The film opens in Langley, Virginia, at C.I.A. headquarters (is there even anything else in Langley?), where we meet analyst Ozzie Cox (played by John Malkovich), who is demoted due to a “drinking problem,” then quits and goes home to his ice-queen wife and failing marriage. This is the point where it gets very tricky to try to summarize the film, for fear of accidentally ruining the jokes or giving away the dramatic twists, which are sprinkled liberally and unexpectedly throughout the film.

Suffice to say that Chad (Brad Pitt), an employee at a gym, accidentally comes into possession of secret information, and gets everyone around him embroiled in a twisted and complex web of lies and intrigue that also manages to involve Treasury agent Harry Pfarrer (George Clooney).

I’ve complained before about overly complex plots (Syriana being the inevitable example of a plot too twisted for its own good), and Burn After Reading is proof that it’s not just the fact that I was raised on plotless action-movie drivel. You see, although the plot of Burn After Reading is very intricate, it’s also accessible and perfectly understandable. The Cohen brothers manage to flawlessly weave together the lives of at least four major, well-rounded characters more seamlessly than I’ve ever seen. The film is like a cinematic Rube Goldberg machine: clever set-ups and excellent design allow what should be an impossible plot to come together believably. Even though every single character is stupid or shallow in their own way, they’re all stupid and shallow in the same way that real people are stupid and shallow. Pitt plays a goofy, air-headed bicyclist. Malkovich is a distant and somewhat sullen dullard. Clooney brings to life a nervous, paranoid ex-U.S. Marshall. Actress Frances McDormand is the familiar sufferer of a midlife crisis, bent on renewing herself in every way but the important ones. At first, the characters were hard to empathize with, but in the end, they all have a weird likeability.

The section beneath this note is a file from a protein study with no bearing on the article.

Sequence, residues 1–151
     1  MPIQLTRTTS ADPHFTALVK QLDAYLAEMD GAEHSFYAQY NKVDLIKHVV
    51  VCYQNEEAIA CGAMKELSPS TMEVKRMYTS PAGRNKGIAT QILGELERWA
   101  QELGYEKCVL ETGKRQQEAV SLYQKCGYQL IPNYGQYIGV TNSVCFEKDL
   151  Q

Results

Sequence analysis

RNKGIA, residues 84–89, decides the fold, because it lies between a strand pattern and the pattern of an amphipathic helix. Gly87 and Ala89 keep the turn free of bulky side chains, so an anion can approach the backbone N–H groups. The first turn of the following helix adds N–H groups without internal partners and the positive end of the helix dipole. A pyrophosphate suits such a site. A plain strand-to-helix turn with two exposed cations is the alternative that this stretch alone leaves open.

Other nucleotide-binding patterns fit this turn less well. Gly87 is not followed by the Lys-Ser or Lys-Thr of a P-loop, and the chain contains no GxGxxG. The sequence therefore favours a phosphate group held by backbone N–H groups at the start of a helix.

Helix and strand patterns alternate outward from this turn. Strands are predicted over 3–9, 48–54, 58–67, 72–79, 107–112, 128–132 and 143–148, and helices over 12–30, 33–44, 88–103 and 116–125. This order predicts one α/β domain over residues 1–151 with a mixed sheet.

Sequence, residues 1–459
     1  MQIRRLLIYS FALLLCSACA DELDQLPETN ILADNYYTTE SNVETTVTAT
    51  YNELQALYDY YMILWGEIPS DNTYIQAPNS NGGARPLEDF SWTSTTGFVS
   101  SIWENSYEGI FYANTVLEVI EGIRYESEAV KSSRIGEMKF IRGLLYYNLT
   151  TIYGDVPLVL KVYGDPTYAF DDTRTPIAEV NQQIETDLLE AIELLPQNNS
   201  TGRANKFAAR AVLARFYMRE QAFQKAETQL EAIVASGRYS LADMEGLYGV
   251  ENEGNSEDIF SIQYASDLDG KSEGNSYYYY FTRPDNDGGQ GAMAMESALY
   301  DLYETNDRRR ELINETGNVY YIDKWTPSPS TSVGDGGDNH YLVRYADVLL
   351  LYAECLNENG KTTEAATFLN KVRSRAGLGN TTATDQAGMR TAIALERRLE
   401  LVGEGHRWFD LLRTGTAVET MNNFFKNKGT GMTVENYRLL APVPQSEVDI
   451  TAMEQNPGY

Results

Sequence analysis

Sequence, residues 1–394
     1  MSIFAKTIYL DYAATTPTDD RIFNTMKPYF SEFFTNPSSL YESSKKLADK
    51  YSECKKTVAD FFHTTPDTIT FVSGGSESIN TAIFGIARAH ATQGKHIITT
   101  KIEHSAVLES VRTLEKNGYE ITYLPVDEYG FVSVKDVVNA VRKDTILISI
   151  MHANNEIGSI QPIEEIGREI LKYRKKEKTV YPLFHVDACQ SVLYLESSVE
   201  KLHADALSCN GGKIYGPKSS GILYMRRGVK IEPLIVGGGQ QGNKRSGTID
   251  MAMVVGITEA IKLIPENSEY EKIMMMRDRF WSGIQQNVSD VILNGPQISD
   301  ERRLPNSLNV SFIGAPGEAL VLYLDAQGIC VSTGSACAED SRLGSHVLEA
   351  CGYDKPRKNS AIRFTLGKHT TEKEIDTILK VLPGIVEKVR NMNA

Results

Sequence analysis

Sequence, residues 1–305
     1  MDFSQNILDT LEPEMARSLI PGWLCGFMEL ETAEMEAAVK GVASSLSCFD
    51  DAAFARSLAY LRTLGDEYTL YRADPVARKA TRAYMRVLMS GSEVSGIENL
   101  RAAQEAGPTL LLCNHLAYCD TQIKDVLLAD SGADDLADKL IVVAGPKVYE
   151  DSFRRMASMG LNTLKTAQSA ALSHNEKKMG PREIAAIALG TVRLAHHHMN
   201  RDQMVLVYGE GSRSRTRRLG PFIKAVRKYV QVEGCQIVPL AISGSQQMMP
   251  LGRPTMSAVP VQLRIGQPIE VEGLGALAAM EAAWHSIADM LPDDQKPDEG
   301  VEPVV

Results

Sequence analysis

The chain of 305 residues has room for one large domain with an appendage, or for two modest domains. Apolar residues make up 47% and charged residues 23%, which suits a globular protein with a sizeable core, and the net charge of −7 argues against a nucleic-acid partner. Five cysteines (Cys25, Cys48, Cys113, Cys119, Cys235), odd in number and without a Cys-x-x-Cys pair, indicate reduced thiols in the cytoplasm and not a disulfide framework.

The movie is also incredibly funny, with the kind of dark, bewildered deadpan humor that hits me just right. Although the plot is potentially grim and serious, it’s impossible not to laugh. Burn After Reading reminds me in some ways of the late great Kurt Vonnegut’s dark, sadistic, cynical humor.

This is the point where I’m supposed to lay out some criticism for the sake of balance, but with this particular film, that’s pretty hard to do. It’s so incredibly well-constructed and entertaining that I can’t think of any obvious dead spots or plot holes. The worst I can do is say that the dialogue seemed slightly stilted a few times.

That’s it. That’s all the criticism I can come up with. Burn After Reading is a wonderful satire of the shallow superficiality of our lives, of the veneer of solidity and invincibility over our government (and our relationships), and it’s also hilarious in a wonderfully subtle, understated way.

Final Judgment: Excellent. You should definitely see this film.

Rating:

*     *     *     *     *     *     *     *     *     `     (9.5/10 asterisks)

Absence…Again

Once again, I apologize for the complete lack of updates lately. Once again, life (mainly my latest batch of classes) is stealing all of my attention. I promise some more updates soon, just as soon as I can write anything worth posting.